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    [quote=AK DIMOND;427250]Who will give a fair assement. And a real price of what a boat should sell for ? I LIVE IN ANCHORAGE AND THE BOAT IS A JETLINE ALMAR Thanks.

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    Default

    Thank's for all the in put , tight lines. ><>

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    Default value?

    Don`t buy used stuff!

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    Default tru statement

    buying new... You know exactly what you are getting... Ripped off!


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    Default Marine survey HA

    Bought my first boat two years ago. Had a marine survey done because I knew I did not know S***. Well the surveyor did either Even got the make of the boat wrong. Found a lot of problems that the surveyor should have found for me. As far as I am concerned I'll never have another. Worthless.

  14. #14
    Member steelguy's Avatar
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    Question surveyor accredited?

    was the surveyor accredited? If so, did you do due diligence to realize who you were hiring? Check references? Buying used obviously does allow for more risk, and typically comes without a guarantee, but does not necessarily mean a great deal can not be realized.

  15. #15
    Member Blue Thunder's Avatar
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    Talking Survey

    I have not had personal experience with a surveyor, but a friend of mine had some bad experience. He had a boat surveyed before he bought it in Seattle and on his trip back to Alaska up the inside passage, the boat sank. It took on water in the engine compartment and sank within 30 minutes. There was no way to go back after the surveyor. The boat was never recovered and it is unknown why it sank. Thank goodness he had taken out insurance and had proper safety gear as he spent the night in his dingy before being picked up by the CG the next morning.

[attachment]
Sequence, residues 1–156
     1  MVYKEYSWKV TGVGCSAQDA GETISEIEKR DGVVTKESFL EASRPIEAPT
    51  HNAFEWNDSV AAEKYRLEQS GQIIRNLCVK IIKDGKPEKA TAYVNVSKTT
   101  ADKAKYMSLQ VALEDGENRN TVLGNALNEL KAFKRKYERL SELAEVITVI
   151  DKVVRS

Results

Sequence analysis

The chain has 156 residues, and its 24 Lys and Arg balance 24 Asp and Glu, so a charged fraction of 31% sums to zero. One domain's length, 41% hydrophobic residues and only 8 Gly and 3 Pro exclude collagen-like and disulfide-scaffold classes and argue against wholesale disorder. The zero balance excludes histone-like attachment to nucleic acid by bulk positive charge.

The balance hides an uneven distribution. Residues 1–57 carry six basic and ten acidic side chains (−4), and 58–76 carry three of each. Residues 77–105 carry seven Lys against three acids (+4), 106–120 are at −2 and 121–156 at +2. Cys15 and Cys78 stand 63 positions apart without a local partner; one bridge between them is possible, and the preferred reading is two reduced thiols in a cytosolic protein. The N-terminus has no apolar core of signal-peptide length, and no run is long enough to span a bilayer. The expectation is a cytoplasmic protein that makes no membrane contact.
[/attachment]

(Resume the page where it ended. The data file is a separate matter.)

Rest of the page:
16. #16

    Default Oh ya Buy New

    Not every one has a good enough job to buy new and sell for less later, so that self rightious statement is only good if you must keep up with the Jones. My self I go thru the boat myself and look at it for what it is. Nothing to say that next week the oil pan is not going to rust out even if a Certified Survey is done. And there is nothing to go back on a Survey on, it an opinion of the boats condition, it's on board equipment. Sinking could of been as simple as the boat had been out of the water for a few years, a small crack in the fiberglass let water in the wood swelled up like a bull frog and she opened up. Happened to me once!

  17. #17
    Member bhollis's Avatar
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    Default

    A new boat loses between 10%-20% of its value in the first year. I'd prefer someone else lose that money.

    Both the boats I've bought were used--a 26' Osprey and my current 30' SeaSport. The Opsrey was three years old when I bought it and in immaculate condition. I ran it for three years and sold it for more than I paid for it.

    The Seasport was two years old when I bought it and also in immaculate condition. The engines only had 70 hours on them. I paid $80K less than I would have paid for a new boat (a savings of around 28%).

    Although I had a marine survey done on both boats, I didn't rely just on the survey. I also relied heavily on my own eyes and what they told me about the boat and how well it had been maintained. I also met and spoke with both prior owners at some length. In both cases it was obvious to me the prior owner knew his boat and had taken great care of it.

    So, my approach has been to buy used, but only boats that are two or three years old (have already lost most of their depreciated value) and are in near-new condition and have been very well maintained. It's worked well for me, and saved me lots of money.